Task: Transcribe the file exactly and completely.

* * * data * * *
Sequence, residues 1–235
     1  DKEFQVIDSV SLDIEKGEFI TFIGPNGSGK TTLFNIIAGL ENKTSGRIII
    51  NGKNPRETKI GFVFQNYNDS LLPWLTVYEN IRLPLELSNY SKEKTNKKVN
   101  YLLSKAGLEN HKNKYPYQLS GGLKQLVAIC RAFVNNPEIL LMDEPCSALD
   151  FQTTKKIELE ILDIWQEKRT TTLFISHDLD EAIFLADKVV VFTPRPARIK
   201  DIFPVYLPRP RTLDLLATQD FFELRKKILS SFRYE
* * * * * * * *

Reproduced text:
Sequence, residues 1–235
     1  DKEFQVIDSV SLDIEKGEFI TFIGPNGSGK TTLFNIIAGL ENKTSGRIII
    51  NGKNPRETKI GFVFQNYNDS LLPWLTVYEN IRLPLELSNY SKEKTNKKVN
   101  YLLSKAGLEN HKNKYPYQLS GGLKQLVAIC RAFVNNPEIL LMDEPCSALD
   151  FQTTKKIELE ILDIWQEKRT TTLFISHDLD EAIFLADKVV VFTPRPARIK
   201  DIFPVYLPRP RTLDLLATQD FFELRKKILS SFRYE